Indian students are actively tackling global issues

Young people in India are proactively taking action to tackle global issues, and say they want to pursue careers where they can make a difference, according to new research from Cambridge International Assessment Education.

Over 11,000 students globally, aged 13 to 19 took part in Cambridge International’s first ever Global Perspectives survey and shared their views on global issues; how they learn about them; and how their awareness of these issues might impact on their future career choices. Out of these 11,000 students, around 2000 respondents are from India.

The poll revealed there is a clear desire from students to learn about global issues in school, with 97% of Indian students agreeing that it is important to do so. This percentage is slightly above the global average which is 96%. 95% students surveyed in India also agree that it is important to discuss global issues at school. However, 23% of students surveyed in India say they don’t learn about global issues in school despite wanting to.

26% of Indian students aged 13-19 say that climate change is the single biggest issue facing the world today. Pollution is viewed as the second biggest global issue by Indian students and poverty & economic equality came third in the poll. Even globally, a quarter (26%) of all the students who responded to the survey said they felt climate change was the biggest issue facing the world today. It topped the poll in three quarters of countries surveyed. Two thirds of those surveyed, said they believe major issues, like climate change and poverty and economic equality, will be worse by 2030.

45% of students surveyed said they would like to pursue a career where they can make a positive contribution to solving global issues. Further, 78% will consider what potential employers’ attitudes are to key global issues when applying for jobs in the future.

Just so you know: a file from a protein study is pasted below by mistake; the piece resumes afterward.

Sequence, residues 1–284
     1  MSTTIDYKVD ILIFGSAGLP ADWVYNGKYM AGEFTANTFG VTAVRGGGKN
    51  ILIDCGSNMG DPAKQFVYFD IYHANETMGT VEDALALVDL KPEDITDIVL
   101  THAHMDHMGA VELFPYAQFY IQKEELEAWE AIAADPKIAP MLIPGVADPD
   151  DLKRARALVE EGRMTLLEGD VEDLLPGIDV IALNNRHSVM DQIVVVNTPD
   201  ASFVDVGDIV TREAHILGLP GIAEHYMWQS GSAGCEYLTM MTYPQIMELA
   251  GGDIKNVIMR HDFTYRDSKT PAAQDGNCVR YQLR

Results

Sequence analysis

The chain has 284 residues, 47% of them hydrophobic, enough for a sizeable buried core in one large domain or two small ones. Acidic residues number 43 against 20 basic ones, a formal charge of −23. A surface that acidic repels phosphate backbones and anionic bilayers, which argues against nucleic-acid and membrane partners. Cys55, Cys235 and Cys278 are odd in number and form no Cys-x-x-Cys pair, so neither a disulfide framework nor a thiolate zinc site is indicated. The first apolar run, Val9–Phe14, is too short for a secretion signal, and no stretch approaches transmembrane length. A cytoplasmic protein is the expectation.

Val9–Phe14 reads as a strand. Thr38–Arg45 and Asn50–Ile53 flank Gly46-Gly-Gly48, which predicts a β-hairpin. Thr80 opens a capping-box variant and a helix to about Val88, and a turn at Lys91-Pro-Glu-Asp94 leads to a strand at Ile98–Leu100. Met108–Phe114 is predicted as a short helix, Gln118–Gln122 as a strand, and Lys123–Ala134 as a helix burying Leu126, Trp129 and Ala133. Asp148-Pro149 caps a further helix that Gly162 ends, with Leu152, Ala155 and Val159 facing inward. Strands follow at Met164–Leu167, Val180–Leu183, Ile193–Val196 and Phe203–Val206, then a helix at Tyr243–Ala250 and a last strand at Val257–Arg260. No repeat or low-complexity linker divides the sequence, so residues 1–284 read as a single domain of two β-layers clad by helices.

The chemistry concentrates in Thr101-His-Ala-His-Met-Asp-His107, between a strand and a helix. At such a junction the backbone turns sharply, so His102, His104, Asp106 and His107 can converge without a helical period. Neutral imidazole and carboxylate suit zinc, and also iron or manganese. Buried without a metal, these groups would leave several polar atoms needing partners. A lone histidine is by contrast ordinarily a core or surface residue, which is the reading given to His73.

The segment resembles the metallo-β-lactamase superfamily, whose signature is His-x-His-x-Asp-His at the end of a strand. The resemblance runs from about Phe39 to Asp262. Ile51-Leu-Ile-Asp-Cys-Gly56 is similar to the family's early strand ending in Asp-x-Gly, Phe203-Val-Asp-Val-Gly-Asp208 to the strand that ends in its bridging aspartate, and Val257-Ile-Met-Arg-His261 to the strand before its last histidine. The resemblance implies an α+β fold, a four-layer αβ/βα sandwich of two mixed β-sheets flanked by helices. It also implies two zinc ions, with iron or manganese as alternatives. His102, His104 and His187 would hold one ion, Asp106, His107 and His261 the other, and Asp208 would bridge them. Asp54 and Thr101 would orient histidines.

93% of Indian students said they take some form of action to raise awareness of global issues. In particular, 55% of students surveyed in India said they would share knowledge with family and friends in order to raise awareness.

Mahesh Srivastava, Regional Director, South Asia, Cambridge International said, “In a world that is constantly evolving with some huge global challenges ahead, we feel that it is even more important that students not only engage with key global issues, but develop the skills to research, discuss and evaluate the facts, and work with others to understand different perspectives around the world. It is important that they develop transferable skills and are aware about interdependence, globalization, cultural diversity, global issues and sustainable future to be able to succeed in life.

Cambridge Global Perspectives™ equips students with the essential skills they need for further study at university and for the future world of work. We look forward to giving many more schools and students the opportunity to learn about this unique programme during Cambridge Global Perspectives Week.”

Students around the world are motivated to make a difference and help tackle these issues. 92% said they take individual action to tackle their top issue of concern and four out of five students globally said they are keen to pursue a career where they can make a difference.

The survey was conducted leading up to Cambridge Global Perspectives Week, which runs from 1-7 March 2020.

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